(Redirected from CJOH-TV)

CJOH-DT, VHF channel 13, is a CTV owned-and-operated television station located in Ottawa, Ontario, Canada. The station is owned by Bell Media, as part of a twinstick with CTV 2 outlet CHRO-TV (channel 5). The two stations share studios – alongside Bell's Ottawa radio properties – located at the Market Media Mall building on 87 George Street in Downtown Ottawa's ByWard Market, and its transmitter on the Ryan Tower at Camp Fortune in Chelsea, Quebec, north of Gatineau. It also operates rebroadcasters on channel 8 from Lancaster, Ontario (serving Cornwall and, indirectly, Montreal), channel 6 from Deseronto (serving Kingston and, indirectly, Watertown, New York) and on channel 47 in Pembroke.

CTV logo 2018.svg
Ottawa, Ontario
BrandingCTV Ottawa or CTV (general)
CTV News Ottawa (newscasts)
SloganLive Local Breaking
ChannelsDigital: 13 (VHF)
Virtual: 13.1 (PSIP)
Cable: 7
Translatorssee below
AffiliationsCTV (1961–present; O&O since 1998)
OwnerBell Media
LicenseeBell Canada
First air dateMarch 12, 1961 (1961-03-12)
Call sign meaningCJ Ottawa-Hull
Sister station(s)CHRO-TV, CFGO, CFRA, CJMJ-FM, CKKL-FM
Former call signsCJOH-TV (1961–2011)
Former channel number(s)Analog:
13 (VHF, 1961–2011)
Former affiliationsIndependent (March-September 1961)
Transmitter power19 kW
Height373.4 m
Transmitter coordinates45°30′9″N 75°50′59″W / 45.50250°N 75.84972°W / 45.50250; -75.84972
WebsiteCTV Ottawa

This station can also be seen on Rogers Cable channel 7 and in high definition on digital channel 518 in Ottawa and Glengarry-Prescott-Russell and on Vidéotron channel 7 and in high definition on digital channel 607 in Gatineau. Bell TV only carried CJOH's local programming, which consisted mainly of newscasts, on channel 197. This changed on October 18, 2010, when Bell carried the local and Canadian programming as well as simsubs on standard definition channel 229.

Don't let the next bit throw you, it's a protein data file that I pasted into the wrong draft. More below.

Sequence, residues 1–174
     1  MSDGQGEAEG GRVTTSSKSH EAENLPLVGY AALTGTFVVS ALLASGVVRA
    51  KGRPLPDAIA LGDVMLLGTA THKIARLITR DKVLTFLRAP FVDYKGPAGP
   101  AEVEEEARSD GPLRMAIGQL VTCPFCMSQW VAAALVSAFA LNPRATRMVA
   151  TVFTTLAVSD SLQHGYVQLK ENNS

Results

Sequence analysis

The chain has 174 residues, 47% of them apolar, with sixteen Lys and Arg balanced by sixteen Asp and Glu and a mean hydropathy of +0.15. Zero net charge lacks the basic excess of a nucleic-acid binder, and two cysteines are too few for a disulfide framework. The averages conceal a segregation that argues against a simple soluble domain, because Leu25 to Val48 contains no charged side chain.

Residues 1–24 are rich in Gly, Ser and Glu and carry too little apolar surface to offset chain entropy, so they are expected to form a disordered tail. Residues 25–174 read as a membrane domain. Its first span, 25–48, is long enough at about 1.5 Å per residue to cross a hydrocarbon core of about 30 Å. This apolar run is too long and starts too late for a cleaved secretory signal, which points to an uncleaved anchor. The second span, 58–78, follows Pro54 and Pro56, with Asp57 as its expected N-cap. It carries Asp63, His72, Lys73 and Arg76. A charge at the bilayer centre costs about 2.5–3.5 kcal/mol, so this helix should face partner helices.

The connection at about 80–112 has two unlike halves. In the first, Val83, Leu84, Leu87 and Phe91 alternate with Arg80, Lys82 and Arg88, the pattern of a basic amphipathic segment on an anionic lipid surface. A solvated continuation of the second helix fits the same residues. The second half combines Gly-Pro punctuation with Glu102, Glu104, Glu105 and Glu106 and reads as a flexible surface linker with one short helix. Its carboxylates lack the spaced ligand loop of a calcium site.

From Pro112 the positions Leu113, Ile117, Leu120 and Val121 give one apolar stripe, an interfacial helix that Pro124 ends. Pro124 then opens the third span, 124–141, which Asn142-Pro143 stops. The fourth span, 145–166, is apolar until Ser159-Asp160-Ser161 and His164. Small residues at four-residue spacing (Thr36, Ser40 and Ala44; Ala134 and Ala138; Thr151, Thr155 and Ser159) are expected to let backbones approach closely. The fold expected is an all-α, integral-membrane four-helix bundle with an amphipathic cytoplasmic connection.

CJOH provides CTV network coverage for all of Eastern Ontario, a large segment of Western Quebec and portions of Northern New York in the United States.


CJOH-TV's former Late Nite Movie logo, from 1988

Founded by Ernie Bushnell, CJOH signed on for the first time on March 12, 1961. Initially, studio facilities were located at 29 Bayswater Avenue (45°24′24″N 75°43′13″W / 45.4067°N 75.7204°W / 45.4067; -75.7204) until that September when operations were shifted over several weeks to a $2 million (CA$) complex at 1500 Merivale.[1]

It acquired former Cornwall, Ontario CBC affiliate CJSS-TV as a rebroadcaster in 1963, making CJSS the first television station in Canada to cease operations. The channel 6 transmitter in Deseronto became operational in 1972 to serve the Kingston and Belleville markets. Standard Broadcasting owned the station from 1975 to 1987; that year, after a CRTC decision authorized Baton Broadcasting to launch a new independent station in Ottawa,[2] Standard responded to the potential new competition by selling CJOH to Baton, who then surrendered the new independent license.[3] Baton was renamed CTV Inc. in 1998 after gaining control of the CTV network the preceding year. CTV in turn would be purchased by Bell Canada and folded into Bell Globemedia, now Bell Media, in 2001.

CJOH was available on cable in Montreal for most of the 1980s and 1990s, as the Cornwall transmitter's footprint reaches the western Montreal suburbs. In the 1980s and early 1990s, when CTV offered Toronto Blue Jays baseball, the Cornwall repeater had to show alternate programming instead, since the area was considered Montreal Expos territory. This substitute programming often had no commercials, and often had no definite end, as the length of baseball games varied. This was discontinued when the Blue Jays left CTV.

Well-known celebrities who first appeared on CJOH include Rich Little, The Amazing Kreskin, Alanis Morissette, Sandra Oh and Peter Jennings. Jennings started his professional career with the station during its early years, anchoring the local newscasts and hosting a teen dance show, Saturday Date, on Saturdays.

Morissette was briefly part of the cast on a local sketch comedy show, You Can't Do That On Television, aimed at the preteen and teen demographics. Originally conceived as a local and partially live production in 1979, it was derided by parents from its very beginning as a local show on CJOH in 1979 for its ubiquitous bathroom humour and for breaking with the Canadian tradition of kind, gentle, and educational shows for children, as well as for the shock value of certain sketches such as its infamous "green slime". The controversy did not stop it from either later going national on the CTV network or becoming a huge hit, locally and eventually globally; it became a huge success in the United States for the then-nascent Nickelodeon cable channel starting in 1981 and was subsequently distributed in many other countries, and concluded its run in 1990.